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    • #39001
      Bashar
      Moderator
        @bashar

        Now, you had a chance to see Padlet in action on the introductions posterboard. But this is a tool that could easily be repurposed for language learning (a theme that will pop up again and again on this course) and we’d like you to think about that. In this topic discussion, please think about the following questions and add your ideas by clicking ‘reply’ below:

        1) Apart from introductions, how else could Padlet be used in the EAP classroom? Think specifically about tasks that would fit into a wider lesson, such as a listening or reading task.

        2) Do you think it would be better to use before the lesson (e.g. for homework in preparation for the lesson) or actually during the lesson? Why?

      • #39502
        Fasih Raza
        Participant
          @fasih

          A Padlet can be used during a lesson for post-listening/reading tasks such as a language analysis one. For example, after doing a while-reading task together, learners can be asked to read the text posted on Padlet again and notice the cohesive devices used for sticking the text together. They can be asked to post their examples as a comment to a tutor’s post or add a post of their own. Because learners process information at their own pace, they should be given due time for that especially for a listening lessons where if a learners couldn’t catch something, they should have a chance to pause and replay.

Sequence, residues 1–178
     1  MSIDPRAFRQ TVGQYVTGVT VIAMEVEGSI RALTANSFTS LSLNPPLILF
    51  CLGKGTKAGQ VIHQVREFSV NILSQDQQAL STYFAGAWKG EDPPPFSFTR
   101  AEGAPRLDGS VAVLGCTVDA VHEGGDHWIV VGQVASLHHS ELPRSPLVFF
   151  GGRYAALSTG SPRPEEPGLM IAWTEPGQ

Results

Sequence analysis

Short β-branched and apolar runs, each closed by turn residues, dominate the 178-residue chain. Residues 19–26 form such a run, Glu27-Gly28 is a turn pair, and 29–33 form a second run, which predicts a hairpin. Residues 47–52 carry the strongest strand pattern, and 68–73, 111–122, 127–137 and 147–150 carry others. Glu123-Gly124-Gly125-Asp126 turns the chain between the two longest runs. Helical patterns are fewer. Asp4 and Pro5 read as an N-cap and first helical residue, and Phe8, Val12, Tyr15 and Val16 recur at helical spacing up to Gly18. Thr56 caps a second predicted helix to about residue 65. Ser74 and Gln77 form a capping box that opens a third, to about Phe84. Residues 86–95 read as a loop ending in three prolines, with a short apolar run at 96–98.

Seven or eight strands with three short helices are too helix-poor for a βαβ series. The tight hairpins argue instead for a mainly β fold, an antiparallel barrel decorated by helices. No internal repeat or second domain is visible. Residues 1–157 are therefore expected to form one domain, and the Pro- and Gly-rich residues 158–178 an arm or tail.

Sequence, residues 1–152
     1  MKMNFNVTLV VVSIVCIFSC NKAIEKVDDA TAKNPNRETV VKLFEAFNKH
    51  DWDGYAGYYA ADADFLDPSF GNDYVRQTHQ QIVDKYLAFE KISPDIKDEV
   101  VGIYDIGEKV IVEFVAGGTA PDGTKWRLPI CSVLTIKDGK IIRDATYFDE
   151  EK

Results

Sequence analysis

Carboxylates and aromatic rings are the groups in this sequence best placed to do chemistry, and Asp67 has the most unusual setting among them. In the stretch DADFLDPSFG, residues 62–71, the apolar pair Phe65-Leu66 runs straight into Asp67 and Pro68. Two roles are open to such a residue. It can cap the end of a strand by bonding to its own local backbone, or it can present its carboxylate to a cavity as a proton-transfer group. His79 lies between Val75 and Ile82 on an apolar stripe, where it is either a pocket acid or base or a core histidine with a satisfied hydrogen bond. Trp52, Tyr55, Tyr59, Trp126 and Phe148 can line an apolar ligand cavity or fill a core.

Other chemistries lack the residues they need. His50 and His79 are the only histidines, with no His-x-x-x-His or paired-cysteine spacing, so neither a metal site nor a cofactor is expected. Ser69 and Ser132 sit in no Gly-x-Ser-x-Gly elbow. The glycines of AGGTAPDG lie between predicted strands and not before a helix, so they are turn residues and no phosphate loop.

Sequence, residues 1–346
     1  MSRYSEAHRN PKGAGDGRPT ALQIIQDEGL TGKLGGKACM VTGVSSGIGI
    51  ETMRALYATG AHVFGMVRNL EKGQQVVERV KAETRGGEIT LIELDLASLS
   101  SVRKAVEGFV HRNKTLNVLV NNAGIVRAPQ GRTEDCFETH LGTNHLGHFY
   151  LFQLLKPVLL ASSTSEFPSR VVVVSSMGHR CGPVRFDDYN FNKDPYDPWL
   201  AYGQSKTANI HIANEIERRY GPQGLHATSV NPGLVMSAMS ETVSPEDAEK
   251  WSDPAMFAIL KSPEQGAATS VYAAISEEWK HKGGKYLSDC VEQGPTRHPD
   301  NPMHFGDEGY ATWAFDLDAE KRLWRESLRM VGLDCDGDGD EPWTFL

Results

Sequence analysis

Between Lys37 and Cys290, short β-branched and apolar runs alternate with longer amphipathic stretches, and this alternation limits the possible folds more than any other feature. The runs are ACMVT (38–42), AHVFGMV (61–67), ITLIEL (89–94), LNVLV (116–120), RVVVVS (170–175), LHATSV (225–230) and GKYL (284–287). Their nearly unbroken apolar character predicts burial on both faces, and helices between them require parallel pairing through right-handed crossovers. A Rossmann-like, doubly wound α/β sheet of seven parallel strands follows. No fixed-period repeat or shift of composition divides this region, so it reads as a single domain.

A padlet can also be used before the class as homework to encourage deep learning within the classroom because they’ll have already encountered materials before coming to a lesson.

        • #39512
          Ying Zhong
          Participant
            @kathie

            I think Padlet would be an efficient tool for discussions of open questions which require students’ logic and critical thinking. But how to encourage students who lack such abilities to use Padlet efficiently is a problem teachers in vocational college should be concerned about.

          • #39532
            Nick Murgatroyd
            Keymaster
              @nick

              Thanks for your posts @fasih and @kathie, both of which make interesting points.